Sonos is a great choice - but you don't really need much in the way of dedicated controllers these days if you have an iPad or iPhone, the apps (particularly on the iPad) are great. I don't miss the high res at all, for the reason you state: I have a dedicated room for that.

Good Luck,

Sounds great. In my experience (as an apprentice electrician and construction attorney), the custom installer will have to hire an electrician to run the wires after he designs the system. However, if your electrician is comfortable installing on his own, go for it. Also I too believe conduit is a good idea and might be required by code depending on your state.

But take this advise: make sure your contractor is licensed, has current CGL insurance coverage up to $1.0 million (standard in the industry), get a written bid or contract as specific as possible and get a written warranty for parts and labor (but if you supply the parts he probably wont warranty those). If your contractor wont give you all of this, keep shopping. Good luck.
My electrician has said he's comfortable laying all of this -- but of course when I talked to a custom installer he said it would be crazy to have an electrician do this b/c they don't know about maximum pull rate, minimum turn angles, etc. He quoted me a price of around $8k to run all those wires and set up a structured media center.

Well there are electricians that are more than qualified to install CAT6 and RG6 Coax as well as the terminations. And then there are electricians that are not....

I have also seen low voltage cable installers that don't know what they are doing either.....

Something to consider if you have the electrician install the cable and terminations and have an A/V installer install and hook up the equipment and there are problems...... Well good luck.... Then the blame game starts.....

If you use a good A/V company to install the low voltage cabling, terminations, install the equipment, and set-up, then one person is responsible for any problems.... The A/V company.....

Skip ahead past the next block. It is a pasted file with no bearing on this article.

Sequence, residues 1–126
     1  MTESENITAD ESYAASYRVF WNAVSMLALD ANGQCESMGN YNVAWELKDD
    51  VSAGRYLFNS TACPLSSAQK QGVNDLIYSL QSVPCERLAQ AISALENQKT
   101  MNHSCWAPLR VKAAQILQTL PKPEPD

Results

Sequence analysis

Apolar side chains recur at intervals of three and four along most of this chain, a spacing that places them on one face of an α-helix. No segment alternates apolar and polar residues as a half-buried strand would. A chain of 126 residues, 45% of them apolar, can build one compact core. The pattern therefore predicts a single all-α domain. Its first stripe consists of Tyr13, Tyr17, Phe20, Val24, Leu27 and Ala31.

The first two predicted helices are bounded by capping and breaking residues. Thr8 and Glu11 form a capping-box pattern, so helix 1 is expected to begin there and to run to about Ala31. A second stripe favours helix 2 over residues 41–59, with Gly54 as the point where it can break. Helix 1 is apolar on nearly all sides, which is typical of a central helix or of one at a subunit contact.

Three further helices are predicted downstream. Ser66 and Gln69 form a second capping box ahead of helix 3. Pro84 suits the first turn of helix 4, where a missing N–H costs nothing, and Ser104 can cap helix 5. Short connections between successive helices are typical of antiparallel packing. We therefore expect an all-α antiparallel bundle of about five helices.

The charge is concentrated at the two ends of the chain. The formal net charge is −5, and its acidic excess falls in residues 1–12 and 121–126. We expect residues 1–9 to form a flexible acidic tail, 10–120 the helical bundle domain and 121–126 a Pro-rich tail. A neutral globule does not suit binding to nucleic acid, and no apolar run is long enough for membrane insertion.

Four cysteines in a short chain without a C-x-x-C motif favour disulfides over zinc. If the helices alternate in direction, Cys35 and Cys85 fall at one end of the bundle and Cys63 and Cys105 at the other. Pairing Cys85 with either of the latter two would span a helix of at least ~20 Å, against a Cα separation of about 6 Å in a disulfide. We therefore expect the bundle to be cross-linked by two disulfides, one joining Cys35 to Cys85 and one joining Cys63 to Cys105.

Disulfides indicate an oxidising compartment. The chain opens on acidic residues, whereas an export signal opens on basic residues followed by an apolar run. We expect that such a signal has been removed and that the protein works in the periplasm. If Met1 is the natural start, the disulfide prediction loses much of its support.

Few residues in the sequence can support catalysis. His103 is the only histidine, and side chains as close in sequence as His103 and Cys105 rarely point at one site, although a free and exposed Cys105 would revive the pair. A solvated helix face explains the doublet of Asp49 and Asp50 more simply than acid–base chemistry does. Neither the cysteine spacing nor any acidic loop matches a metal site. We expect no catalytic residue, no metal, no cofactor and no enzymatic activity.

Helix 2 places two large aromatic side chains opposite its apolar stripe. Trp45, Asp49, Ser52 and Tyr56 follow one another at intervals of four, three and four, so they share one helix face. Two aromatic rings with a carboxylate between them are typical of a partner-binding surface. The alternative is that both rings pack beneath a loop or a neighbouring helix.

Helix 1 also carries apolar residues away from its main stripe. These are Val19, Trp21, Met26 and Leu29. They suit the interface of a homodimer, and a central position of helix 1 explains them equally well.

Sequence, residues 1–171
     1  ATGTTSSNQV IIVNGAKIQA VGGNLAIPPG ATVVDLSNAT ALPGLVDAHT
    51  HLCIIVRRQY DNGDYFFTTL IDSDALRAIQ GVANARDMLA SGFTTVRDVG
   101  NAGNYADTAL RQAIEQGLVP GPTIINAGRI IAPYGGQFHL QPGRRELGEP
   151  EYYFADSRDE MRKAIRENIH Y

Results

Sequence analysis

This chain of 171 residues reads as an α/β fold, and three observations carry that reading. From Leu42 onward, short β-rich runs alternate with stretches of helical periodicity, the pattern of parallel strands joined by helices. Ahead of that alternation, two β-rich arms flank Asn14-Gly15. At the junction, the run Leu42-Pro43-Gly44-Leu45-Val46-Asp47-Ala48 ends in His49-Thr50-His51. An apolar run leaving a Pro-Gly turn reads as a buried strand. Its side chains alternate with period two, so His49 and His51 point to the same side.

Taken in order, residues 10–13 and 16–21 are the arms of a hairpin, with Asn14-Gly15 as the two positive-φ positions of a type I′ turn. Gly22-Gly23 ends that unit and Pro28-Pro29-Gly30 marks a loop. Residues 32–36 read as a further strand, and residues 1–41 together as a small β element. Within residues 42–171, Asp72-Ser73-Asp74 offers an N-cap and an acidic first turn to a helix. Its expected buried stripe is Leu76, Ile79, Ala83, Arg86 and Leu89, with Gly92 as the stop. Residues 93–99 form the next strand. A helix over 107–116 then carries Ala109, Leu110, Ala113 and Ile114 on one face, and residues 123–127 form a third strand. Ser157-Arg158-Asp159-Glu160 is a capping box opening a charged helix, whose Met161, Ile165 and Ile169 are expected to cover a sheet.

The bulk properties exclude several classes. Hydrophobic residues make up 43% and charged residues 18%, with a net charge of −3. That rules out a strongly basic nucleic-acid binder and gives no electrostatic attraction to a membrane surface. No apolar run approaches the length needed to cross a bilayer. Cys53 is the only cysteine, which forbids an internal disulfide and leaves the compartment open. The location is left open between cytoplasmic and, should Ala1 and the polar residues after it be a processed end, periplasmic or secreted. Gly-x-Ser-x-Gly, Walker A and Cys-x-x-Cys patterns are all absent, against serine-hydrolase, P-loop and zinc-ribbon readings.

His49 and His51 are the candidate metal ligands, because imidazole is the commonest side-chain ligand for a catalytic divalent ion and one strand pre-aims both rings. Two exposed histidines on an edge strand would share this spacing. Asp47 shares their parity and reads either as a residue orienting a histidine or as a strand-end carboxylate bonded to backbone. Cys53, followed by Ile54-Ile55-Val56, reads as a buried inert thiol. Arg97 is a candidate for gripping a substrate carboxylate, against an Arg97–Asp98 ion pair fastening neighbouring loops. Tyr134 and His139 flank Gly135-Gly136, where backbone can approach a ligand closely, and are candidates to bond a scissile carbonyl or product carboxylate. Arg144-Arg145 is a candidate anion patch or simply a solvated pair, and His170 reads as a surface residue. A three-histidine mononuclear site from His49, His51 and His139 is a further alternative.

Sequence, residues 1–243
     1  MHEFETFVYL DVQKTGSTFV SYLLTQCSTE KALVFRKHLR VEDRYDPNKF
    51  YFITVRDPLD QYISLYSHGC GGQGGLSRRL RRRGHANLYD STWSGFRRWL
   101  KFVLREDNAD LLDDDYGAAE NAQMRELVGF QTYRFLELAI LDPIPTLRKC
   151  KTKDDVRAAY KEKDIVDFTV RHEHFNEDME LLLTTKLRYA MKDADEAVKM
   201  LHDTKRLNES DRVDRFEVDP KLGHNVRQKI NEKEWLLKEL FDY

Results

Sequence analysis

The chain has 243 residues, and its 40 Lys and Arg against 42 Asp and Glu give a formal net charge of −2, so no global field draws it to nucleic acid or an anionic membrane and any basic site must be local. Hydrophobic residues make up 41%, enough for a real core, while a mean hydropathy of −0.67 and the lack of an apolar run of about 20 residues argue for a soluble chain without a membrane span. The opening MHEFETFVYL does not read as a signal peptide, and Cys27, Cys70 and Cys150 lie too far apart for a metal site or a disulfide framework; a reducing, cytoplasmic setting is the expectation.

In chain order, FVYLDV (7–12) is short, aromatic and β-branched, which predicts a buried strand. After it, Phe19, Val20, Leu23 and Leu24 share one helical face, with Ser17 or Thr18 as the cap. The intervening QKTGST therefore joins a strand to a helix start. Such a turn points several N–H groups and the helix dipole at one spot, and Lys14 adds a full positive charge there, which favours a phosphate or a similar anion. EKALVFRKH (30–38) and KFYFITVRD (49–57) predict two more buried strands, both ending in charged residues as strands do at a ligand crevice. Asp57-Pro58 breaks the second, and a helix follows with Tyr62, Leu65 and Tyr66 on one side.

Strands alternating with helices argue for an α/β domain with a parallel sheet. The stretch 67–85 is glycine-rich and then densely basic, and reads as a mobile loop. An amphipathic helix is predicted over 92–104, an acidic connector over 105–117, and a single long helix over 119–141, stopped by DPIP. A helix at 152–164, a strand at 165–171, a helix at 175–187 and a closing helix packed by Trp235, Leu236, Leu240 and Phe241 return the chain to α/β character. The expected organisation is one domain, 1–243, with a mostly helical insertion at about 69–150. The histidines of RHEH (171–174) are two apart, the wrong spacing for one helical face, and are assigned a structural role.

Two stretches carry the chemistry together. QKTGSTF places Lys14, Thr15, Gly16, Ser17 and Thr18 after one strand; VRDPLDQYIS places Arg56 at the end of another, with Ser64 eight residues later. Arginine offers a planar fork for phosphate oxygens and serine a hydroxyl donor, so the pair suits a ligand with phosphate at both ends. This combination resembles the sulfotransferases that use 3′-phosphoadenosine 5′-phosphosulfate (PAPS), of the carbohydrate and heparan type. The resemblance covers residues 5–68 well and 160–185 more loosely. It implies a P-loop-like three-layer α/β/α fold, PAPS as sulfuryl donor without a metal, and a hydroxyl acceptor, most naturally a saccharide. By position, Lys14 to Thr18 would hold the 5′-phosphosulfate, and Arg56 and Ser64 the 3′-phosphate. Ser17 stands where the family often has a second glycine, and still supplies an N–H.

Ask for references.
There are states in the US that require low voltage cable installers to be licensed. Ask the A/V company representative if his installers are licensed or do his installers work under his license.

Ask if he certifies each CAT6 after the RJ45 modular ends are installed? A simple continuity wire map test is not a certification test.....

I would recommend quad shield type RG6 coax cable. Ask him what type of "F" connector ends he uses. I would recommend the compression type.

One last note.... Low voltage cable installers, as a rule, are paid less than a State licensed electrician.
Speaking from experience( I am not an electrician although my brother is and he helped me considerably):
Run flex throught the walls everywhere and anywhere you are even considering running wires. If you do not use some of them so what? Put a blank plate over the boxes.
If you opt out on flex in some areas, say for the Cat6 and just run it through the drilled studs, put protector plates on both sides of every stud where the wire runs through the stud. They are small steel plates that will make sure no one can drive a drywall screw into your wires. If you get a screw in a wire you will play hell trying to find it and drink way too much alcohol trying to locate the short. Hope this helps, John
To get a good electrician you can (depending on your state) 1) look them up on the Secretary of State's website or State Contractor's Board to make sure they are licensed and insured, check for disciplinary actions, liens, and number of years in the business; 2) interview them on the basics of your system-do they recognize your components and what you want? 3) ask for references or photos of prior work-any good installer will have plenty to provide to you.